Whatever happened to the nuclear freeze?
It seems just yesterday that it was sweeping the land, gathering before it politicians, teachers, doctors, children and other living things. Two years ago, the freeze resolution passed the House of Representatives by an overwhelming margin. People were falling over themselves to claim credit for it. Gary Hart and Walter Mondale did not debate the issue. They debated how many days the other had let pass before endorsing it.
Remember the urgency? "We are on the verge of blowing ourselves off the face of the earth" said Rep. Ed Markey (31/2 years ago now) repeating what was then a commonplace. In 1982, in perhaps the largest demonstration in American history, nearly a million people turned out in New York to call for disarmament.
Next week there will be demonstrations again, this time to mark the 40th anniversary of the bombing of Hiroshima. There will be demonstrations and speeches and a ribbon -- this has been a summer for ribbons -- to be tied around the Pentagon to banish nuclear war. There will be yet another Markey freeze resolution introduced in the House, this one "comprehensive." There will be petitions and letters and much more.
Yet this time around, it is not the same. It all has the sound of a faint echo. And the look is ritualized, too, in part because August 6 is a solemn commemoration, but, in larger part, because the life has gone out of the movement. The heady days, Ground Zero Days, are gone.
Indeed, the freeze itself is gone. August 6 will simply highlight the fact. It is a reminder of how little is now heard about the issue that was to be, literally, the issue to end all issues. What happened? What killed the freeze?
A sampling of speculations:
1)Success? The anti-nuclear movement did help move the president to accept the politics, if not the wisdom, of arms control. We and the Soviets are talking in Geneva. But we are as far as ever from a freeze, let alone from satisfying any millennial longings for disarmament. This explanation sounds like a retrospective version of the Aiken solution to the Vietnam war: declare victory and go home.
2)Anxiety shift. What people really demand from arms control talks is not that they succeed, but that they go on. People always have some anxiety about nuclear war, but it only turns to political agitation when they feel that the people in charge don't share the anxiety. Once the president promised to worry about the issue and take over the burden, the movement lost its psychological spring.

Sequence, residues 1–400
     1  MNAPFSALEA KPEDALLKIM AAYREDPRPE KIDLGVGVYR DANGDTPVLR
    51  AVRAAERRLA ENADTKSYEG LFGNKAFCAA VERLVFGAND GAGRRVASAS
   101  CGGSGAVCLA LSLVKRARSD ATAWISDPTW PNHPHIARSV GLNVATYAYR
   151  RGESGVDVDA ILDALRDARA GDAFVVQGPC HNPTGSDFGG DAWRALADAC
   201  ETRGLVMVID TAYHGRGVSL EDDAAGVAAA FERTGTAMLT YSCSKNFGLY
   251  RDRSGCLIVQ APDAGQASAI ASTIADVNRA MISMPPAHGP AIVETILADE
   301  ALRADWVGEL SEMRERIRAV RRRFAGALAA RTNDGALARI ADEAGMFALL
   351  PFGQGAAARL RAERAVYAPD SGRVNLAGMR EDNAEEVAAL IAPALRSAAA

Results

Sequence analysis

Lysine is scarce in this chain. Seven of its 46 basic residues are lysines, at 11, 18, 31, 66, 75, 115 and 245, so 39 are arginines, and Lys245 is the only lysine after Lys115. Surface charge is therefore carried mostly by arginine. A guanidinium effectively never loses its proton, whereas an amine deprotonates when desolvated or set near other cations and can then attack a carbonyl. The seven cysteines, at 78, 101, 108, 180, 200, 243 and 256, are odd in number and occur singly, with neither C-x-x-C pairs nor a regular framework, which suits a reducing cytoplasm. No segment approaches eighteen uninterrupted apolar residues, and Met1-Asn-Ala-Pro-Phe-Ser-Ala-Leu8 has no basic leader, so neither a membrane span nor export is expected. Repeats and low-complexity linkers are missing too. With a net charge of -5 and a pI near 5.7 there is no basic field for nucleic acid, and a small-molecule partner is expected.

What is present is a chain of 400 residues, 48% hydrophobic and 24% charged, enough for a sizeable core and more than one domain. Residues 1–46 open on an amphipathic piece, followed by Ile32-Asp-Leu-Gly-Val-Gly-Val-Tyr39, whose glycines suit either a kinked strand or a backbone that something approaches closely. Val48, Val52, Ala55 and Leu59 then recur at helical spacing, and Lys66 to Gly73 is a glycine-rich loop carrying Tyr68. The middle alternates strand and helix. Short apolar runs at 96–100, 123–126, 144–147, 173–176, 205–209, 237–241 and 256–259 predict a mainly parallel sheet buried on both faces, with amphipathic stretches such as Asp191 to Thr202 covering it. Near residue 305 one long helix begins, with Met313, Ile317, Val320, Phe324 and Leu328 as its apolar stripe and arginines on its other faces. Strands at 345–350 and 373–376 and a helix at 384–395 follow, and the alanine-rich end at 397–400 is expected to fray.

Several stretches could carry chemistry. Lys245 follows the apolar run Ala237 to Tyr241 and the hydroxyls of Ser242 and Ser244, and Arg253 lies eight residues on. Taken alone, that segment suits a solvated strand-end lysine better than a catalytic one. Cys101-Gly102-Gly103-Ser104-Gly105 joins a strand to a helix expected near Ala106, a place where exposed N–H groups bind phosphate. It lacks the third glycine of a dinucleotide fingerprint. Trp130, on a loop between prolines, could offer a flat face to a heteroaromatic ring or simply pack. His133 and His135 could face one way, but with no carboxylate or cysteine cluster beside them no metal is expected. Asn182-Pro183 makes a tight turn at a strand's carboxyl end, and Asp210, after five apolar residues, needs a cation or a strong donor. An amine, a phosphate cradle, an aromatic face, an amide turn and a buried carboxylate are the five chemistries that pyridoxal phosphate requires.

3)Nuclear Winter. A new idea, promulgated by the movement's friends, that turned into a classic political boomerang. The notion that only a small number of nuclear detonations would bring ruin to the planet was meant to galvanize the anti-nuclear movement. But it makes plain that the freeze, or any other this-worldly plan to control nuclear arms -- even George Kennan's idea to cut them in half -- would still leave the world on the eve of nuclear winter. The only solution to "winter" lies in near total disarmament, and beatific visions don't sell terribly well in America.
4)"Star Wars." Another new idea, this one hatched by an enemy. It did not, of course, make anybody stop believing in the anti-nuclear movement, but it confused its argument. The freeze had been fueled by an abhorrence of deterrence and the balance of terror that underpins it. But to oppose a nuclear defense ("Star Wars") meant having to argue in favor of deterrence. "Star Wars" has turned the anti-nuclear case against itself.
5)Nov. 6, 1984. The party of the freeze carried Minnesota.
6)The media. In a development that will interest the right, Mother Jones magazine blames a media "blackout" for the freeze's demise. This comes from -- Jesse Helms, take note -- the "media's pro-establishment bias." It seems only fair: they make you and they break you. The problem with this theory: it overlooks Nov. 6. (See 5 above).
The anti-nuclear movement of the '80s, born in Europe, and matured in the United States, has now moved south. (It had trouble moving east.) It has set sail for New Zealand, now officially anti- nuclear. New Zealand will not receive ships of the U.S. Navy for fear they may be nuclear. Its people and sheep sleep better now, knowing they are protected from the American arsenal.
This is not the end, however. No doubt the movement will come north again. A new generation will someday ask the same questions, explore the same alternatives and rediscover the same hard truth: that deterrence is both inescapable and indispensable. Meanwhile, the movement will have to live on memories.
A year ago I called my doctor to ask about an X-ray-like device called nuclear magnetic resonance. "Magnetic resonance imaging," he corrected me. "We don't use the word nuclear anymore."
There once was an anti-nuclear movement in this country with the power to change the name of medical devices. Tell your children.